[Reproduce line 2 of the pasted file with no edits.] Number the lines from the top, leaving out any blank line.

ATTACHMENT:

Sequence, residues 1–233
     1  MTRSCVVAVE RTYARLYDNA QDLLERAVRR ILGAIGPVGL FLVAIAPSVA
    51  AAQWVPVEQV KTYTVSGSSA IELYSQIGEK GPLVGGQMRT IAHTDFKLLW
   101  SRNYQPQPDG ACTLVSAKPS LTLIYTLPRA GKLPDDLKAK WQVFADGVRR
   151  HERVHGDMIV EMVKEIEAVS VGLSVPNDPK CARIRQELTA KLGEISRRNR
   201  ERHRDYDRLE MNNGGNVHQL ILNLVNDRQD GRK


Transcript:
     1  MTRSCVVAVE RTYARLYDNA QDLLERAVRR ILGAIGPVGL FLVAIAPSVA